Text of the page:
The government’s latest consultation paper on legal aid makes grim reading for any solicitor who undertakes criminal defence work and, indeed, for many providers of other legally aided work.
The headlines have majored on the Daily Mail-pleasing stories of taking much prison work out of scope, requiring a ‘meaningful connection’ with the UK before civil legal aid can be obtained and making rich criminals pay for their defence.
For the profession, however, these are of minor significance compared with:
- An overall cut of £220m in the criminal legal aid budget – more than 20% of the current spend; and
- A price-competitive tendering process which:1. Is intended to reduce the number of direct providers from 1,600 to around 400 - i.e by 75% - though it envisages that many existing providers would continue to the work through sub-contracting;2. Will set a cap on bids of 17.5% below the existing rates;3. Will abolish any freedom of choice of solicitor for clients – who you get will be judged either at random, according to your birthday or your surname;4. Begin in October with a view to contracts being in place by October 2014.
There are plenty of other proposals, including significant cuts to public law family fees, eligibility for legal aid for judicial reviews and so on, which aren’t good news either. Today, however, let me deal with tendering.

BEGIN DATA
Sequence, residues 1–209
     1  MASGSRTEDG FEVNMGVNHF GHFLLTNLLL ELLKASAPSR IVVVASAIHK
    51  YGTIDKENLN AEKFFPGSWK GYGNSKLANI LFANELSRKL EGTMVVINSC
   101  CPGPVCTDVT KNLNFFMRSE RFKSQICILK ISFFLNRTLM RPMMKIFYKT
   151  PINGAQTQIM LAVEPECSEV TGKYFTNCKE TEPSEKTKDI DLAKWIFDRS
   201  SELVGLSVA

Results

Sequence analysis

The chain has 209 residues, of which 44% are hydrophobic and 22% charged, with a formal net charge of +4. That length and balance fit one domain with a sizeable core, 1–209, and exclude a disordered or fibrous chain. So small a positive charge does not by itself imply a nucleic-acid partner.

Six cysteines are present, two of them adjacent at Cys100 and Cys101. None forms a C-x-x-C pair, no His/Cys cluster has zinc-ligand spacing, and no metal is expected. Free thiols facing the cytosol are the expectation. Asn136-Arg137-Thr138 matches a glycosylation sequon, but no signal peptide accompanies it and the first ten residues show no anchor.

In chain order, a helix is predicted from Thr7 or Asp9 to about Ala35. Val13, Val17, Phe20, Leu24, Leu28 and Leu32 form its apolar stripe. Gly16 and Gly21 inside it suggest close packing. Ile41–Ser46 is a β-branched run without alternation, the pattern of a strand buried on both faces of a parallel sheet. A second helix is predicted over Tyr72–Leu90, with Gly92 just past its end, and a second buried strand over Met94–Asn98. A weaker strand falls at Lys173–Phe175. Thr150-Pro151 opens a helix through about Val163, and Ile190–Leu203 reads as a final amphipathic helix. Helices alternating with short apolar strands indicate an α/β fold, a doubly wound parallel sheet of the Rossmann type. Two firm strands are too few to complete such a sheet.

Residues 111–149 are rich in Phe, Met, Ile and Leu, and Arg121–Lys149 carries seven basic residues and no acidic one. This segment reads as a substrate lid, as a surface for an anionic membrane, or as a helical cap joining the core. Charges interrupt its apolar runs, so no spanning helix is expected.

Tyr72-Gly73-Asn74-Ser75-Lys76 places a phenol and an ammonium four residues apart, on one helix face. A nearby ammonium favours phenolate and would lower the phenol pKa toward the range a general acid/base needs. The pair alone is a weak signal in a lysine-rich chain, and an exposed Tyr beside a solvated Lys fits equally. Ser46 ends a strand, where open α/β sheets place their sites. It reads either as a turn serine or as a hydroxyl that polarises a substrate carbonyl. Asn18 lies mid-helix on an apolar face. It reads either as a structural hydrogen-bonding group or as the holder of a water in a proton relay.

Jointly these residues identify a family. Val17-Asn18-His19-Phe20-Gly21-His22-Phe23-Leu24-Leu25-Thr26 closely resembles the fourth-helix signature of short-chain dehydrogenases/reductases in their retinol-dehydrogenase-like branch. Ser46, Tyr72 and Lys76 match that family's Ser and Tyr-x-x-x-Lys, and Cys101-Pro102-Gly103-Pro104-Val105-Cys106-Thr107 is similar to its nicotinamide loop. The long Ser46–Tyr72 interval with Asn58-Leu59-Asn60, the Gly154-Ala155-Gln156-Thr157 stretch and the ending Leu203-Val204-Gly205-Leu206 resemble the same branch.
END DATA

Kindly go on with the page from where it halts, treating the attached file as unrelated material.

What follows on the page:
There are three major pieces of thinking behind the government’s proposals on tendering:
- It needs to save significant amounts of money and there is, it says, no point in anyone disputing that;
- The criminal defence industry is fragmented and inefficient – larger organisations, whether they be firms, joint ventures, consortia, or alternative business structures, are likely to be able to find economies of scale and deliver the services more cheaply;
- A tendering process is an inherently good way of obtaining quality services at the best price.
There are some pretty major assumptions here:
- Can the profession actually sustain a cut of at least 17.5% and deliver services at the same standard, whatever business structure it uses?
- Even if it can, will firms be able to make the changes needed within less than 18 months, particularly given that it’s currently taking six months to get an ABS licence, if you want to go down that route?
- As a matter of principle, is it acceptable for the state to dictate who represents a criminal defendant? Yet, if it does not, it is hard to see how the state can guarantee the level of work that firms will need if they are to deliver best value.
It would be open to us simply to say ‘no: we are not engaging with these proposals. They will lead to disaster’. It’s tempting to do so. However, we should not be under any illusions. The government intends to push this through. If we simply failed to engage we would lose opportunities to influence and modify the proposals, nor would we be supporting our members. The Law Society would need to think long and hard before getting itself into that position.
So what happens now?